Sunday, June 3, 2018

Thumbs Up Over This Fantastic Paddy Walrus Hand Puppet!

It's all hands in the air for Steiff's great mohair puppets - especially the really rare ones. Steiff started creating these high quality puppets in the early 1900's in the likenesses of some of their most popular characters and designs. This tradition was carried out for the most part through the 1970's; after then, the company's puppets were mostly constructed from plush, plastic, and other materials. Let's take a deep dive and check out one of the most unusual post-war mohair examples and see what makes him so interesting from the product design and historical perspectives.

It's not unusual to see collectors fighting tooth and nail over this walrus hand puppet. This unjointed rarity is 20 cm tall and made from tan mohair that has been airbrushed with brown and tan spots, shading, and highlights. He has a pair of dimensional flippers; the tips are stuffed with excelsior. His oversized, very round head is solidly stuffed with excelsior. His face come to life with two black and white google style eyes, jowls, a long, brown tipped mohair beard, a pink hand embroidered nose, and two white tusks. This walrus puppet was made in this size only in 1962 as an exclusive for high end toy retailer FAO Schwarz.

This perky puppet of course is based on the company's standard line Paddy walrus design. Paddy was produced in 10, 14, and 22 cm in the 1959 through 1965 time frame. It was not unusual in the 1950's and 1960's for Steiff to retool popular items as exclusives for FAO Schwarz. By "retool," Steiffgal means making an item in a bigger or smaller size; sitting instead of standing (or vice versa); dressing a piece in a fancy outfit or giving it a distinctive accessory, or taking a basic design and producing it in another toy category. That's what you see here - the Paddy design being reinterpreted as a puppet. 

To keep things twice as nice, Steiff also produced Paddy as a pajama bag as an exclusive for FAO Schwarz from 1962 through 1972. This delightful and functional collectible was 45 cm nose to tail; made from short brown mohair or dralon plush which was carefully airbrushed on its face, flippers, and tail; and was lined in blue colored silk material. He had a zipper up his belly and was "hollow", meaning that you could indeed store your adult sized pajamas inside of his torso!

Steiffgal's Paddy puppet clearly was someone's best friend at one point in his life, which is a good thing. He has some play wear to him, his beard is quite thin, and he lacked his traditional tusks upon arrival. So the question is, how important is condition when making a Steiff purchase? Of course, everyone has their very own algorithm for this, and it always comes down to personal choices and preferences. But if it is helpful in any way, here are three key things that Steiffgal considers when making a purchase decision for her own collection.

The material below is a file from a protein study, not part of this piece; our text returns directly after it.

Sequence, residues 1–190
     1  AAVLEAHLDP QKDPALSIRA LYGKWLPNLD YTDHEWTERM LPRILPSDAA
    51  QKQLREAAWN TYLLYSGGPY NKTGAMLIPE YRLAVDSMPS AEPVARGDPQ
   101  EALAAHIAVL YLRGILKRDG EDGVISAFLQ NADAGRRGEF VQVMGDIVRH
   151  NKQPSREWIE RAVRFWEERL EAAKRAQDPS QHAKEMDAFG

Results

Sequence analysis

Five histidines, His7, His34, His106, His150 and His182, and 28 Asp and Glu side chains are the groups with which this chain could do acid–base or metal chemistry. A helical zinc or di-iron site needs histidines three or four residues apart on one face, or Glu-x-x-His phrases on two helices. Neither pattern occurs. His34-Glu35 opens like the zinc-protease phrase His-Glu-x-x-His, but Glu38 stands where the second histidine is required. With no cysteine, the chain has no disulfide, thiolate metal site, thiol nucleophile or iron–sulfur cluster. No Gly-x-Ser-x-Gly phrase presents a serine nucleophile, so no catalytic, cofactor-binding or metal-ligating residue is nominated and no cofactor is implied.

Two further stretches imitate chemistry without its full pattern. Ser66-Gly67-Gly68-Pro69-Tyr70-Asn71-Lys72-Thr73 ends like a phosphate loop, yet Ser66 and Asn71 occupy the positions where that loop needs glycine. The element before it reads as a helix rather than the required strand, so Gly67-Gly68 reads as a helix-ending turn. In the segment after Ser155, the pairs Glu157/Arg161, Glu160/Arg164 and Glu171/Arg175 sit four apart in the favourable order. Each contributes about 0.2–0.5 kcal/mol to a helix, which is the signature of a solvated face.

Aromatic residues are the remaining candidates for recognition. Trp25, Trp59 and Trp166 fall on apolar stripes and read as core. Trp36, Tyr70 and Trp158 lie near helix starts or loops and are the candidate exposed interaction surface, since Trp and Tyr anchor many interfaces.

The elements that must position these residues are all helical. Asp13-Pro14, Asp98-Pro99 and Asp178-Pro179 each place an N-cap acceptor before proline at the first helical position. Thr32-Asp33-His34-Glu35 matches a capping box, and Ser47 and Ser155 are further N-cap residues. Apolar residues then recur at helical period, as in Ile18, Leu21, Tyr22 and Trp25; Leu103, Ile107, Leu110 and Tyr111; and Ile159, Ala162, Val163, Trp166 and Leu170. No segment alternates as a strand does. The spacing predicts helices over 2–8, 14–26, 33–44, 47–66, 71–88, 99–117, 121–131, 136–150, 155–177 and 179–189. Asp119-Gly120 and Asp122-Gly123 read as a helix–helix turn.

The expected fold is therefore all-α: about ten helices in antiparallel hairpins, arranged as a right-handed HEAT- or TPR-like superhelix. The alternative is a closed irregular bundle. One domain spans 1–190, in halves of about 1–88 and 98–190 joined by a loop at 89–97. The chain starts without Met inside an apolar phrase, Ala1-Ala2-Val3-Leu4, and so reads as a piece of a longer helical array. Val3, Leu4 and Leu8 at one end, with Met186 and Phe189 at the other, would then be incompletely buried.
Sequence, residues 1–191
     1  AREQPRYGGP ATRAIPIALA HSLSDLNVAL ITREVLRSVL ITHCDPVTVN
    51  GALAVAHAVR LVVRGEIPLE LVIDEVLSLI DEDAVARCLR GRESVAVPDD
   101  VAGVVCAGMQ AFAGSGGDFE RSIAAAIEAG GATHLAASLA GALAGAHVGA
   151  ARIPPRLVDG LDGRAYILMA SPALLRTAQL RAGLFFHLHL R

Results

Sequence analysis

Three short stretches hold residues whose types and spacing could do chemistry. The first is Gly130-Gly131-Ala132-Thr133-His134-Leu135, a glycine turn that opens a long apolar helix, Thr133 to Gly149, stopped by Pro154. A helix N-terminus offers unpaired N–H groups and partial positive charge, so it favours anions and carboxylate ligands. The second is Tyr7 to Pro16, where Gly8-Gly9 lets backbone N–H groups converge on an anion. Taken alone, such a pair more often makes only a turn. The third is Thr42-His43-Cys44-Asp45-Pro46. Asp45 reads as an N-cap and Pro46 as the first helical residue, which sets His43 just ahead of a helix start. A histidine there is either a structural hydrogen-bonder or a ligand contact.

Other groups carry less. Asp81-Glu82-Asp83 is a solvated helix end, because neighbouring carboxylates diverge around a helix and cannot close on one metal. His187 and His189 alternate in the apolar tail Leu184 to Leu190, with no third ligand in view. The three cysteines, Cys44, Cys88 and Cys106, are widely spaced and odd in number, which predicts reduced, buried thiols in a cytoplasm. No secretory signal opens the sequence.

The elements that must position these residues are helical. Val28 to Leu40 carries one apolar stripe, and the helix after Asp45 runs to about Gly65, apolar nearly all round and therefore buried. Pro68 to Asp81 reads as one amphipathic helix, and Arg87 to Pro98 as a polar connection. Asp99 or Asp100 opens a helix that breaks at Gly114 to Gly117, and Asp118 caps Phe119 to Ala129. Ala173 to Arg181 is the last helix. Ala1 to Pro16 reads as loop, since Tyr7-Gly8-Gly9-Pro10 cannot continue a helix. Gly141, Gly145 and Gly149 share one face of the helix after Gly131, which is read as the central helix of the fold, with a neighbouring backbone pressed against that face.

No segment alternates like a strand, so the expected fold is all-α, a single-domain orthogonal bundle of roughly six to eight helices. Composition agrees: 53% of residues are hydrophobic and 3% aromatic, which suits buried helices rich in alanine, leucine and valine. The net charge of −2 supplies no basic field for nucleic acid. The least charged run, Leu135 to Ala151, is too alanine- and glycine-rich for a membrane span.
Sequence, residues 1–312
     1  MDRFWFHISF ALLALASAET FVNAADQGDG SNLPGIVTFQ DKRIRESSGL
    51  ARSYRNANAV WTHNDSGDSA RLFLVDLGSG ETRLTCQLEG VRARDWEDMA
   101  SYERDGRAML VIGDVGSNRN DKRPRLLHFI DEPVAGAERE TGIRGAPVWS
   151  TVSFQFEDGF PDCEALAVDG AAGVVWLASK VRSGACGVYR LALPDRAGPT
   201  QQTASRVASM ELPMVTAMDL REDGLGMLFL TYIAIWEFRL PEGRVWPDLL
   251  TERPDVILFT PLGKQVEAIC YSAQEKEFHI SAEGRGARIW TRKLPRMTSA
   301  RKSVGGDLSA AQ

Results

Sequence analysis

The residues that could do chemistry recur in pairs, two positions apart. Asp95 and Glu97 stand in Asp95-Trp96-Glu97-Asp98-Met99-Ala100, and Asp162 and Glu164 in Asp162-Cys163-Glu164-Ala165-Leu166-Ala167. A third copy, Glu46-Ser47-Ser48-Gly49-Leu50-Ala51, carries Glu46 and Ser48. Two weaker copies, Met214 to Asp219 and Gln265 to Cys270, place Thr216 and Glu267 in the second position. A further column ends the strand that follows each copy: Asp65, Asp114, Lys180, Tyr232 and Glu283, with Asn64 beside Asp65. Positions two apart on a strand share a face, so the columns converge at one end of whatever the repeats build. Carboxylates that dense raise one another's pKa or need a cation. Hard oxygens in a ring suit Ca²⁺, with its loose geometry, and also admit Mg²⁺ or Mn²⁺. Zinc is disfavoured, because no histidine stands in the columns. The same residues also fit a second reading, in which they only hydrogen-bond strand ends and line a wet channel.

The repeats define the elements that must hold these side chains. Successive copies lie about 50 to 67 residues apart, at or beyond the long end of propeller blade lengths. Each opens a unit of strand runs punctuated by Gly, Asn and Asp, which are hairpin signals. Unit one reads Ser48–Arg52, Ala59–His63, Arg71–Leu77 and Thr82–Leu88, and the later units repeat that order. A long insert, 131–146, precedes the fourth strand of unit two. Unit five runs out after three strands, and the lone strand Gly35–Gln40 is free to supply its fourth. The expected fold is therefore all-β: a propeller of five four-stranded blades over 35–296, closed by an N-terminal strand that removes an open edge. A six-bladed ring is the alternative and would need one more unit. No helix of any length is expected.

1. Do I have this item in my collection already? If not, then it may be a good choice, all things being equal. If you already do, is this example in better shape than the one you already have? If yes, then consider purchasing it and rehoming your lesser quality example. If no, then maybe pass on the opportunity.

2. How often do examples of this item come up for sale? If the item seldom if ever appears on the secondary market, condition plays somewhat of a lesser role in the decision making process. If the item is almost never seen for sale or at auction, consider adding it to your collection. If you have seen examples of the item come up for sale two or more times in the last year or so, and the item you are considering adopting today is not in great shape, consider waiting for the next purchase opportunity.

3. How "bad" is the condition? In the case of this puppet, he was really dirty, had a small tear in his beard, and had lost his tusks to time. These things can be fixed or restored, and that's exactly what Steiffgal did here. She cleaned him, stitched his beard, and made him tusks out of white Fimo clay. (After all, its not uncommon to need custom tooth implants over the age of 50 these days!) If you (or someone you know) can fix the item's condition to a state that you are comfortable with, and/or stabilizes it so it is around for many more decades to come, then consider the purchase. Just make sure that you fully disclose these repairs if you move the piece along sometime in the future.

If the item is in really rough shape, may attract insects, or has other condition issues that make its time on Earth quite limited, perhaps consider waiting for the next big find - which is always just around the corner!

Steiffgal hopes this discussion on this Paddy walrus puppet has been a happy handful for you. 

Have a question about one of your Steiff treasures? Let's talk! Click here to learn more.

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